Bring a little 1e lethality – and some background- to your new 4e character


The AD&D module "Treasure Hunt," published in 1986, can prove instructive in bringing the lethality and tension of the game's first edition to the game's current edition.

Years ago, when opening the fourth edition Player’s Handbook for the first time, this writer discovered some good news and some bad news.

The good news was that, since heroes began play with 20 to 30 hit points at first level, one solid hit from a kobold couldn’t kill a hero anymore. For this writer, that was the bad news, too.

Some players and Dungeon Masters (DMs) who weren’t around when the first edition of Advanced Dungeons & Dragons was still in print react with mild amusement when old-timers like this writer talk about “the 1e days,” when first level heroes at full hit points (hp) died from single sling bullets, and a saving throw versus poison was an instant life-or-death affair at any experience level – just as they might humor a grandfather who talks about how difficult his childhood was, complete with stories about walking 15 miles to school through three-foot snowdrifts, while trudging uphill during both the outgoing and homecoming trips.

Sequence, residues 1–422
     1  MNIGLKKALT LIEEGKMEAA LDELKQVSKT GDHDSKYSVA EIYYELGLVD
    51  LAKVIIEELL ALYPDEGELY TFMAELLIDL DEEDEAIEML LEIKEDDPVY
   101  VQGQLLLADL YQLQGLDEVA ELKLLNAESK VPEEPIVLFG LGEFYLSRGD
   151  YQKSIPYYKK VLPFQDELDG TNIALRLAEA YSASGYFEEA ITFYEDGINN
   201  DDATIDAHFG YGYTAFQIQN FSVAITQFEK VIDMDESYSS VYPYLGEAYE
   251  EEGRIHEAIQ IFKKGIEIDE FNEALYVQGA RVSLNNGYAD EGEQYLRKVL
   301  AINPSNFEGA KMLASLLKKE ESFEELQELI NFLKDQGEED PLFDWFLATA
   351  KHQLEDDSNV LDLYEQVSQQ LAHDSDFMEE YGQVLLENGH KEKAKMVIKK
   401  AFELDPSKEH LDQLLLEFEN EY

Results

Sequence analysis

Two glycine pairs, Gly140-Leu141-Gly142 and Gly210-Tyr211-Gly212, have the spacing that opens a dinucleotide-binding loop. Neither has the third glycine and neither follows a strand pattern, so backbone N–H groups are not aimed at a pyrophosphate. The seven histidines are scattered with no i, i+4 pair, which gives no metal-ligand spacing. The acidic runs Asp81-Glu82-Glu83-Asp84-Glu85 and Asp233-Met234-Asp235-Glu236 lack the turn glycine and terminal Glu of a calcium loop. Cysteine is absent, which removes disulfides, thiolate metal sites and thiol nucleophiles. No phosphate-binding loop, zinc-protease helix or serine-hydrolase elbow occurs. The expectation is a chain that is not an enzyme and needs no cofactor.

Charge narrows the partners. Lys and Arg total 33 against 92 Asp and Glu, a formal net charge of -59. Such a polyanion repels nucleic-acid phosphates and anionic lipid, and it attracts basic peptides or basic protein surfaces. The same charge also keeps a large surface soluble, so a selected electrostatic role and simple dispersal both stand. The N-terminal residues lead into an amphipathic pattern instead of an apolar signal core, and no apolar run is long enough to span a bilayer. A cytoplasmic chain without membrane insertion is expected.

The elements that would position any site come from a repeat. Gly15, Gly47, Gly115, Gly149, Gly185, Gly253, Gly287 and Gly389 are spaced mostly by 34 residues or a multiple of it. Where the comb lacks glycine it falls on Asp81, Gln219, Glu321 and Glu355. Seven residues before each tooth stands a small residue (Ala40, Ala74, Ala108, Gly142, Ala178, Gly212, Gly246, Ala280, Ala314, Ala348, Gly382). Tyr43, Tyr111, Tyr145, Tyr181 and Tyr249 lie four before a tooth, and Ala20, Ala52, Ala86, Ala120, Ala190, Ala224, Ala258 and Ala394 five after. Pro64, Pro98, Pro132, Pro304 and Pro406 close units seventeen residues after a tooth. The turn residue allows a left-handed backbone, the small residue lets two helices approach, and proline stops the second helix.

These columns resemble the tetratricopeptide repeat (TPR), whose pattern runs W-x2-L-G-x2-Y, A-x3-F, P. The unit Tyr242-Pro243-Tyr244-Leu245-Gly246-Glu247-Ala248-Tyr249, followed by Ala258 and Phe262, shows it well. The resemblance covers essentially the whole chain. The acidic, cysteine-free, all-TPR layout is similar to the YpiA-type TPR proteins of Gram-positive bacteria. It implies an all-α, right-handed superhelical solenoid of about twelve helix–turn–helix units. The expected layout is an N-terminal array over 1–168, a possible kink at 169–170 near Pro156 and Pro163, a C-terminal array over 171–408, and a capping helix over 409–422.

The difference between the DM and grandparent was that the DM was telling the truth. Characters died quickly and often, especially at low levels. That circumstance is probably one reason why the 4e system creates much more durable starting characters than any of its predecessors, presumably on the argument that many players – especially those new to the hobby – wouldn’t want to spend time creating heroes only to have their characters reduced from full hit points to zero by lucky swings from kobolds during their first battle. And that sort of thing did happen in legacy editions. A lot.

Whether or not the former or current level of low-level combat lethality is better for the game is an argument best left for those sites who enjoy wasting their energy on such matters. This post is directed toward DMs who enjoy playing 4e, but miss (or, for the younger ones, may like to incorporate) some of the white-knuckle concern that came with low-level battles in the legacy editions.

Continue reading

Advertisements